Friday, January 8, 2010

Waterfall Way


We continued our journey inland towards Millaa Millaa, which is renowned for an abundance of waterfalls nearby. What is amazing is that these giant waterfalls come from a small creek with a slight flow, then suddenly drop up a large rock, forming a great waterfall. This creates a pool, which soon narrows back down to a small creek with not much water flowing through.

We visited three different waterfalls on what is known as the "waterfall circuit". The first was Ellinja Falls, which is in the picture. This was probably the most impressive of the three, especially considering the small creek it came from. Just a short drive down the road, on an entirely different creek we came to Zillie Falls. These ones you could only see from the top, which was quite a drop down.



The view is just not the same however, when you look down over a waterfall as opposed to looking at it crashing down in front of you. Our last stop on the circuit was Millaa Millaa falls, the most famous of the trio. This can be seen by the fact that there is room for bus parking, as opposed to a small dirt patch at the other places.

I don't have any photos to do it justice, but there is a great swimming hole in front of the waterfall, which we took advantage of, along with a large bunch of other people. We seemed to have timed it well though, as a large group left just as we got into the water, then others were a bit more hesitant to get in.

We travelled on to Malanda, home of another falls. After the previous trio it was really less than impressive. It drains down into what I think I read was called a "natural swimming pool". Although it's natural river water, I don't think there's much natural about concrete blocks.

Apparently on the weekends the vistor centre offers tours with one of the local Aboriginal elders. Unfortunately it wasn't the weekend, and the centre was ready to close, so they wanted us in and out as quickly as possible. Francisca was keen to find out more about the aboriginal population, but we found it was hard to do anything without either handing over a large pile of cash, or booking a long time in advance, neither of which we had the chance to do.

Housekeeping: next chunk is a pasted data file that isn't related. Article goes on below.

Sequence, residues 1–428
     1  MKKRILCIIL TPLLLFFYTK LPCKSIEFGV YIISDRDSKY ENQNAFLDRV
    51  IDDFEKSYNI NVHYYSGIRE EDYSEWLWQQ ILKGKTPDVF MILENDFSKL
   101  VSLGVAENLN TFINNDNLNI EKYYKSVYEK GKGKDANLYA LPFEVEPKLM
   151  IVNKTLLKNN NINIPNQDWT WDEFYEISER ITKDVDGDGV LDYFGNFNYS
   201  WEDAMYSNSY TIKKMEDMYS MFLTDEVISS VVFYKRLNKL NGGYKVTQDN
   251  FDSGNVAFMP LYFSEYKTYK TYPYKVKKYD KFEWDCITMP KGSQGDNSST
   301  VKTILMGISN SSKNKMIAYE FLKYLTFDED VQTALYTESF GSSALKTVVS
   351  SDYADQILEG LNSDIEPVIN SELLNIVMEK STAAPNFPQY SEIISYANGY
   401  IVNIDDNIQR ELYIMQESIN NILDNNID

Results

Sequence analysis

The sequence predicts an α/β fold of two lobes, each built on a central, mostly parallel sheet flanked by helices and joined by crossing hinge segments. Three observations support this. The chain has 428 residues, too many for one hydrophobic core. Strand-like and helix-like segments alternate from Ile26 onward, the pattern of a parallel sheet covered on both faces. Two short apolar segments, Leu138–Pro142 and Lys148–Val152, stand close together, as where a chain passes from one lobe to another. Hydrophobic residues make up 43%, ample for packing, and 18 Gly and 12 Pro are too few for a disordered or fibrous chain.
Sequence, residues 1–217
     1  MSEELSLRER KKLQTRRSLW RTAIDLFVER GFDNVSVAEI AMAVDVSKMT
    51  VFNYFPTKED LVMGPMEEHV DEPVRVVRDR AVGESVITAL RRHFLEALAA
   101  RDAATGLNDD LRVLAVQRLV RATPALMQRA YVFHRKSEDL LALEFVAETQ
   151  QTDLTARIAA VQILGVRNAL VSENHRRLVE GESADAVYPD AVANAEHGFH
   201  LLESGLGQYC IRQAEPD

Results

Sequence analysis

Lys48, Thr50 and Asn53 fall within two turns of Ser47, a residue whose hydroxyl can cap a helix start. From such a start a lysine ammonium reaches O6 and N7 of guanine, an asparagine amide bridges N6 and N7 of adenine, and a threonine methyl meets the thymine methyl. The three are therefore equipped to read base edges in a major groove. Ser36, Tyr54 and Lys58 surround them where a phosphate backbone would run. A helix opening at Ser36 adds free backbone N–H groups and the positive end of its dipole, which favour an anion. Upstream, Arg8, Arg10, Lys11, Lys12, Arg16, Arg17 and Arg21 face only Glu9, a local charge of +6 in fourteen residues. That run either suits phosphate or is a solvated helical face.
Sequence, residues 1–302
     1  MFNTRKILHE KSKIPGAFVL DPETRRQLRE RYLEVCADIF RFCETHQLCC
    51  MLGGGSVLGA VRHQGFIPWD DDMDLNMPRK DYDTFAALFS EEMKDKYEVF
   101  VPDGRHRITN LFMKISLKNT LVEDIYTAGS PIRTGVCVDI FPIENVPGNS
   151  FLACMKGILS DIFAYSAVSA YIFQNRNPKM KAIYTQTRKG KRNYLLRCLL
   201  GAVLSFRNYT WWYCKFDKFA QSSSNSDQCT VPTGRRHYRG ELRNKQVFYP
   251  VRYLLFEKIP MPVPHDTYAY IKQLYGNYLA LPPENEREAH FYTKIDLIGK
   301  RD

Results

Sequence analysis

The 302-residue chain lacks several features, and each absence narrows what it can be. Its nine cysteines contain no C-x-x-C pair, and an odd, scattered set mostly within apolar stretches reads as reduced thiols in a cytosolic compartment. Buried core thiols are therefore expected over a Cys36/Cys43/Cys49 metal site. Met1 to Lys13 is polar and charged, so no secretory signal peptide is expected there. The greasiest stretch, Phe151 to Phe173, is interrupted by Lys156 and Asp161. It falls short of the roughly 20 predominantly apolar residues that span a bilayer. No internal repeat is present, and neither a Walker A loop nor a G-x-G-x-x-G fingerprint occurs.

This post is all about waterfalls, so I will leave it at that for the moment, and continue our journey into the tablelands in the next post.

2 comments:

Rene and Lorraine said...

Hi ... sorry you were disappointed in the Malanda Falls. I remember having the same reaction myself some 20 years ago, although I have now come to appreciate the area a lot more as a local. The falls are more of a great picnic spot (with excellent short forest walks), than a scenic waterfall stop. It is an important heritage site for the Tablelands ... the concrete is a legacy of the days when it was the area's swim training and competition site, complete with diving platform and starter blocks. Even more important the Falls area is one of the best places to see the amazing tree kangaroo. As for the aboriginal history ... there are great displays in the visitor centre (at no charge) - unfortunately it is run by volunteers and is only open from 9.30 - 4.30. There is a very good guided tour on the weekends with aboriginal elder Ernie Raymont; and some weekdays by his 'nephew' Drew (who is excellent at spotting tree kangaroos). There are varied rates but I think it is about $15. There are self guided walks on both sides of the roads with viewing platforms and some information. There are lots of interesting fauna and flora to see, besides your chance to spot a tree kangaroo (including platypus, padymelons, water dragons, saw-shelled turtles, boyd's forest dragon and I have once even seen an echidna). The visitor centre also has displays on the local forest, european history and the geology of the area.

Dan said...

Hey there, thanks for your comment. Unfortunately we didn't get to see any tree kangaroos in our travels, or a cassowary either. We only got to the falls very close to 4.30 after an already long day of driving.

I really would have liked to do the tour with the elder, but unfortunately Tuesday is not part of the weekend!

Daniel is now living in Santiago de Chile. You can find some more writing at I Love Chile

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